Caution is advised however, as the entry about the transfer of the friary as the source was not contemporary, instead dating instead to the fifteenth century.


Like other mendicant foundations throughout Ireland, the friars of Strade were dependent on local patronage to ensure the survival of their convent and recovery after fire.  The tomb niche and altar reredos (ornamental screen covering the wall at the back of an altar) feature depictions of what are believed to be patrons of the priory.  Given that the de Exeter family were clearly important patrons of the friary, it is possible that they might feature on some of these.


Moving on from the medieval history of Strade, the foundation also has significance as the burial place of nineteenth-century Land League campaigner Michael Davitt (d.1906), who was born in the town.  Anne Bald, one of the wives of nineteenth-century map-maker William Bald is also buried in the priory precincts.  In the nineteenth-century, John Dillon (d.1927), Member of Parliament for East Mayo, expressed his gratitude to his cousin Anne Deane by inserting a memorial to her in the medieval tomb niche on the north side of the choir.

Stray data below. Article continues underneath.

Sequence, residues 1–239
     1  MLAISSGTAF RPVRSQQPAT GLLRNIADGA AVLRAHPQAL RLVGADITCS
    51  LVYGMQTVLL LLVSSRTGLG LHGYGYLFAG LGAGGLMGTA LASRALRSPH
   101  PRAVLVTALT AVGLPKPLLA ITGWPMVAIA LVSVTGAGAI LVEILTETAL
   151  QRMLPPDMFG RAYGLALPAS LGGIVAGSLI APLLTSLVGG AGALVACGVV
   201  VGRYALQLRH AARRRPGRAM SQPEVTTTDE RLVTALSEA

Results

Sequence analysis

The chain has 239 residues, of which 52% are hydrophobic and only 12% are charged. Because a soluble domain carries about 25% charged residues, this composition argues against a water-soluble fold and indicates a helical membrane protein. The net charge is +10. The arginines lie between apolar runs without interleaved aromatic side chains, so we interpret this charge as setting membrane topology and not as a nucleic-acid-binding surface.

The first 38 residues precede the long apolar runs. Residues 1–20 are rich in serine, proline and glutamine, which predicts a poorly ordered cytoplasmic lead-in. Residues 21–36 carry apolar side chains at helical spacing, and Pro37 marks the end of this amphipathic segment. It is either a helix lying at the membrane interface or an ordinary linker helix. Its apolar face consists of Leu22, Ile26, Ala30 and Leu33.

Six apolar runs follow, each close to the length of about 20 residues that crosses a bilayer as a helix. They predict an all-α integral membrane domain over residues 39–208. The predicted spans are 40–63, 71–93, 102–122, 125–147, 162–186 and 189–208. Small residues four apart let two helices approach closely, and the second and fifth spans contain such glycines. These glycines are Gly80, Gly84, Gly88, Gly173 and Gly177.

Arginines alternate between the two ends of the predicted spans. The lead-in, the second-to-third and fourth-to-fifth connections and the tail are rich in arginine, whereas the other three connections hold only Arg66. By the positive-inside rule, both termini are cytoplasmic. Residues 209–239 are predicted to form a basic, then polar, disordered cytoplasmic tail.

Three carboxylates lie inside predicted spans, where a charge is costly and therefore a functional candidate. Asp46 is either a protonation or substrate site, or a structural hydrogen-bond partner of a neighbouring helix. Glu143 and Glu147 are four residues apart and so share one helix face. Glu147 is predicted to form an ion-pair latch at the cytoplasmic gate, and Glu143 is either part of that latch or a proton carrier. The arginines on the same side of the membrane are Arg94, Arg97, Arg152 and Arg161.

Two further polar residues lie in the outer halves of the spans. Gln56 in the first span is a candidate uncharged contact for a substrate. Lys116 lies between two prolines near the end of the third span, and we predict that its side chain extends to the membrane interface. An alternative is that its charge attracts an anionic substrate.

Why visit?


Strade priory was a medium-sized foundation and was home to a community of six to nine friars.  While the church survives reasonably well, little survives of the domestic buildings at the site.  The construction at the priory occurred during two main phases.  The earlier phase dates from the thirteenth century when lancet windows (tall narrow windows with a pointed top) were popular.  Much of the nave, chancel, and north aisle of the church date from the thirteenth century.  Further additions were made to the friary in the fifteenth or sixteenth centuries, possibly as a result of a papal indulgence of 1434.  This phase includes the construction of a tower (no longer standing) above the new chancel arch and the replacement of the east window.


The priory features a number of interesting examples of late medieval stone sculpture.  Two examples of particular note are the altar reredos and a canopy tomb.  The altar reredos depicts a Pietà scene of the Virgin Mary holding the crucified Christ on her lap.  To either side are depicted a man and a woman thought to represent patrons of the friary.